Craven County Digital History Exhibit

 Mouzon. An Accurate Map of North and South Carolina (1775)

Accession Number

TP.1956.005.001    

 

Title

Map: “An Accurate Map of North and South Carolina, with their Indian Frontiers”

 

Maker

Artist/ cartographer:  Henry Mouzon, Jr. and others [Ephriam Mitchell]

Engraver: Sparrow

Printer/ publisher: Robert Sayer and J. Bennett

 

Material

Laid paper, ink

 

Origin

England, London

 

Date:

1775

 

Dimensions:

Paper: 41 ¾” X 56 ¾”

Plate:  40 13/16” X [not visible]                               

Image: 39 15/16” X 55 ½”

Insets: 1. “The Harbour of Port Royal”  Size: 10 ¾” X 6 15/16”

      2. “The Bar and Harbour of CharlestownSize: 10 ¾” X 10 ½”

 

Description:

Engraved map made of eight joined sheets:  An Accurate Map of North and South Carolina with their Indian Frontiers, Shewing in a distinct manner all the Mountains, Rivers, Swamps, Marshes, Bays, Creeks, Harbours, Sandbanks and Soundings on the Coasts; with The Roads and Indian Paths; as well as The Boundary or Provincial Lines, The Several Townships and other divisions of the Land In Both the Provinces; the whole from Actual Surveys By Henry Mouzon and Others. London Printed for Robt Sayer and J. Bennett, Map and Print-sellers, No 53 in Fleet Street. Publish’d as the Act directs May 30th 1775. [cartouche, top left]  | Sparrow Sc. [below cartouche]  | Publish’d as the Act directs May 30th 1775. by R. Sayer and J. Bennett [below neat line, left center]  | Publish’d as the Act directs May 30th 1775. by R. Sayer and J. Bennett [below neat line, right center]. |  Insets:  “The Harbour of Port Royal” and “The Bar and Harbour of Charlestown

 

Source:

Purchase

 

Relation:

This map extends from the coastal area of the two Carolinas westward to the Appalachian Mountains, Cherokee territory, upper Creek territory and part of Georgia. It was the first map of the Carolinas issued during the Revolutionary War period and was used by British, French and American forces. It remained the chief of map for the region during the forty or fifty years following its publication.  Thomas Jefferys included the Mouzon map in The American Atlas (London, 1775). George L. Le Rouge published a French edition of the Mouzon map in Atlas Amèriquain Sepentrionale (Paris, 1777). That version is titled in French and English and includes an inset of the English attack on Fort Sullivan (June 28, 1776). A third version of the map was issued in 1794 by Laurie and Whittle, successors to Sayer and Bennett, using the original plates.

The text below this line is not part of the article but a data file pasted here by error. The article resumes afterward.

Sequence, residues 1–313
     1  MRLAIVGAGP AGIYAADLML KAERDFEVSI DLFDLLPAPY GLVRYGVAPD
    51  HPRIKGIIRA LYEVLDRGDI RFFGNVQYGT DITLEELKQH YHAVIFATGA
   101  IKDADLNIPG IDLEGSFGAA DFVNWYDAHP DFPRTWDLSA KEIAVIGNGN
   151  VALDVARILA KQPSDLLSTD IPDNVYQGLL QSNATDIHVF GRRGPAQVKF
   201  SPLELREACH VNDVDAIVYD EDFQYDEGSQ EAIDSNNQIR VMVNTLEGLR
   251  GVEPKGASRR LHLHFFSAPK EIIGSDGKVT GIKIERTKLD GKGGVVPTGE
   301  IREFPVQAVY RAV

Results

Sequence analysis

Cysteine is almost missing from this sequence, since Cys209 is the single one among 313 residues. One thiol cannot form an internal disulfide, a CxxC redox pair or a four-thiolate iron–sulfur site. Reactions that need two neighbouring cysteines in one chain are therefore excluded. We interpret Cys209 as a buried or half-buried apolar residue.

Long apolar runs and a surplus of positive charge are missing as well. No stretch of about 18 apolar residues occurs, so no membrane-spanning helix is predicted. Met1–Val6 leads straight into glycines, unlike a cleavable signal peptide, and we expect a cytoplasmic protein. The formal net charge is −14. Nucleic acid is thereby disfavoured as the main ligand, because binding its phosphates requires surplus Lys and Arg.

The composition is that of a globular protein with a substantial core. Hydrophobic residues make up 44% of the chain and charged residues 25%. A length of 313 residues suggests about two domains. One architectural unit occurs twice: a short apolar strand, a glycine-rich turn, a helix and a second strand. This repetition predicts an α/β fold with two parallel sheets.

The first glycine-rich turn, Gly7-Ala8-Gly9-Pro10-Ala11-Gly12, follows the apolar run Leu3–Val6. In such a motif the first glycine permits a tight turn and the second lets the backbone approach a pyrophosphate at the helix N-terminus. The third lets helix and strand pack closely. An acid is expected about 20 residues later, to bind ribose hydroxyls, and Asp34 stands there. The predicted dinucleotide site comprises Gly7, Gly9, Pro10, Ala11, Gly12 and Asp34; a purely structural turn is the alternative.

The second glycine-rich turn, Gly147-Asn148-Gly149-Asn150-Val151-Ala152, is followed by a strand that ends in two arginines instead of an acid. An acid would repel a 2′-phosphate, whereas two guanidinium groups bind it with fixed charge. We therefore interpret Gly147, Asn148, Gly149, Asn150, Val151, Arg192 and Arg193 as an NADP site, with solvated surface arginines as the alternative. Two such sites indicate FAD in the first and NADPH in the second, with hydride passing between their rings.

Comments:

Mapmaker and civil engineer, Henry Mouzon, Jr. (1741-1807) was the grandson of a Huguenot immigrant to South Carolina who held land grants in Berkeley County. Henry, Jr. was born in Craven (now Williamsburg) County, South Carolina. After his father’s death in 1749, eight-year-old Henry Jr. was sent to France for his education, where it is presumed that he learned mapmaking skills. He received his first important public commission in 1771, when he and Ephraim Mitchell (subsequently the surveyor general of South Carolina) were appointed by Governor Lord Charles Greville Montague to survey the boundaries of the civil districts of South Carolina. In May 1774, Mouzon advertised a proposal for a corrected map of South Carolina to be issued the following January. When the map was published, it included both North and South Carolina and corrected some of the mistakes of the two previous maps of the area—James Cook’s 1773 map of South Carolina and John Colett’s 1770 map of North Carolina. Individual copies of the map cost £5. A few pocket maps on parchment, priced at $1, were available “for the use of Gentlemen who ride the circuits and others who travel.”

 

Language:

En

 

Rights:

Permission to use the photograph must be obtained in writing from Tryon Palace Historic Sites & Gardens, New Bern, North Carolina. It must be accompanied by the caption” From the collection of Tryon Palace Historic Sites & Gardens, New Bern, North Carolina; North Carolina Department of Cultural Resources, Division of Archive and History.”

Map Image:

Click on an area of the image to the right to view a larger image of that area.

 


Images scanned by Dean Knight
Text prepared by Nancy Richards and Victor T. Jones, Jr.

Last edited: August 19, 2009

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